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Ecology and Epidemiology

Effects of Dew-Period Temperature on Germination of Conidia and Systemic Infection of Maize by Sclerospora sorghi. M. R. Bonde, Research Plant Pathologist, Plant Disease Research Laboratory (PDRL), Agricultural Research Service, U.S. Department of Agriculture P.O. Box 1209, Frederick, MD 21701; C. G. Schmitt(2), and R. W. Dapper(3). (2)Research Plant Pathologist, Plant Disease Research Laboratory (PDRL), Agricultural Research Service, U.S. Department of Agriculture P.O. Box 1209, Frederick, MD 21701; (3)Biological Aid, PDRL. Phytopathology 68:219-222. Accepted for publication 20 July 1977. Copyright 1978 The American Phytopathological Society, 3340 Pilot Knob Road, St. Paul, MN 55121. All rights reserved.. DOI: 10.1094/Phyto-68-219.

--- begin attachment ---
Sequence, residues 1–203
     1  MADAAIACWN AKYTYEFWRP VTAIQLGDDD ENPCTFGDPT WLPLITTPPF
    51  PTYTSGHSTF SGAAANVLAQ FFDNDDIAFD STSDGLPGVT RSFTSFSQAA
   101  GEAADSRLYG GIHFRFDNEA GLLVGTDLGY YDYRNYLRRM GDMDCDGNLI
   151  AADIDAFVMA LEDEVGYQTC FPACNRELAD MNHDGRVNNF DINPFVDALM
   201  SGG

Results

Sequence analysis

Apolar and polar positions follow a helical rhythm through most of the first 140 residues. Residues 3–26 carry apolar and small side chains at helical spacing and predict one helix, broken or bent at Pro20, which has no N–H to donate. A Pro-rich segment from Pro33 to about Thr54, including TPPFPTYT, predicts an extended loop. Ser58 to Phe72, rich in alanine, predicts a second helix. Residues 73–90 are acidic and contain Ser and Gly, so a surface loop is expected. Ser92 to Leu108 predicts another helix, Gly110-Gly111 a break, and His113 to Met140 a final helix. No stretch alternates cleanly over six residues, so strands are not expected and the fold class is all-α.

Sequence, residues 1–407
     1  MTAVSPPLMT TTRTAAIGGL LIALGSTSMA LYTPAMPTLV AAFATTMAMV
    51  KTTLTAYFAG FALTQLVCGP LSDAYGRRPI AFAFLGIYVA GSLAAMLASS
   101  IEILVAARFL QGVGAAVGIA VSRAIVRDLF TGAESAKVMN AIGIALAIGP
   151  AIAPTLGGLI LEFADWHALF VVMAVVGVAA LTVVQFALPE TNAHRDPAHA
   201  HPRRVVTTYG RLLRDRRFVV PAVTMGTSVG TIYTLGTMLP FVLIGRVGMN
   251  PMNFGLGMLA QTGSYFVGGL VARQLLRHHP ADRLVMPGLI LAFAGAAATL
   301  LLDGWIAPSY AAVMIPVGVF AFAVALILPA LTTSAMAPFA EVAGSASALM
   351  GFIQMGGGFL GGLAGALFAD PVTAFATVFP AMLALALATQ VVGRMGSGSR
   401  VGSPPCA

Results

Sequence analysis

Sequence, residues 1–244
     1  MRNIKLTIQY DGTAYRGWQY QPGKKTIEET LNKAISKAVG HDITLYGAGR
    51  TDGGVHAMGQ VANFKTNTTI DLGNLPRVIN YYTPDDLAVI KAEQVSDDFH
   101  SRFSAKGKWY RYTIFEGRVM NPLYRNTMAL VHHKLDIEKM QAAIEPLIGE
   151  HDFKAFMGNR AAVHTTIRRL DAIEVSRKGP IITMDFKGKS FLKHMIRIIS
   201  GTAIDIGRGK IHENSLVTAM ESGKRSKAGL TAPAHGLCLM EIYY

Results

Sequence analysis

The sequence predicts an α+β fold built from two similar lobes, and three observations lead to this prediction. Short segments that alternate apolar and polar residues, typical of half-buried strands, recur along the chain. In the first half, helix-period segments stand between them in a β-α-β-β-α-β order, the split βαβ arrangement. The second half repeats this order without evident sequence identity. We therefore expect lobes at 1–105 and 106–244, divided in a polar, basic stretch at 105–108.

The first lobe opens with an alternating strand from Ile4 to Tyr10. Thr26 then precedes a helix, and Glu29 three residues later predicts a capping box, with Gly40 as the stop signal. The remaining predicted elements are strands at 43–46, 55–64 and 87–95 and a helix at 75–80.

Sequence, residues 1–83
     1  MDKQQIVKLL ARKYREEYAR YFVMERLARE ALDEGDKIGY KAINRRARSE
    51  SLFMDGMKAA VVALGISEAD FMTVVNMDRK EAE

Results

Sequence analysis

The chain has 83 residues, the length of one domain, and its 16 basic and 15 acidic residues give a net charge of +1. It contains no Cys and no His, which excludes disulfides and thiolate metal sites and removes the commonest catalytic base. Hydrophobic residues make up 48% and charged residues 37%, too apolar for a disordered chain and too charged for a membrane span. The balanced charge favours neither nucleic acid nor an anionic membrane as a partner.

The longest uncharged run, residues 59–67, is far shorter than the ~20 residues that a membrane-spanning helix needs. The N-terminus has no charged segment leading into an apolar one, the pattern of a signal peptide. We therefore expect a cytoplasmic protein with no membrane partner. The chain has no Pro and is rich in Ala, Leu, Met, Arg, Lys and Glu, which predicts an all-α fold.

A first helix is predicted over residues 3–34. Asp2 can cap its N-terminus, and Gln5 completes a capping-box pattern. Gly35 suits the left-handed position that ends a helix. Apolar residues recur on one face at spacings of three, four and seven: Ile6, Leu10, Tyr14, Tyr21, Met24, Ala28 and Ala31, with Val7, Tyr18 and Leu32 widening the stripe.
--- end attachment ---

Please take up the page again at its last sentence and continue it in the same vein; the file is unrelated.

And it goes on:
The optimum temperatures for conidia germination and germ-tube growth of an American isolate of Sclerospora sorghi were 15 and 22 C, respectively. Germination, however, was high from 10 to 19 C and germ-tube growth was good from 14 to 22 C. An air temperature range of 14 to 22 C during a 2-hr dew period was near optimum for systemic infection of maize. Systemic infection consistently occurred from 10 to 33 C when plants were exposed to a dew-chamber period of at least 4 hr. The American isolate had a lower optimum temperature range for conidia germination than that reported for an Indian isolate of S. sorghi which indicates the existence of biotypes.

Additional keywords: epidemiology, sorghum downy mildew.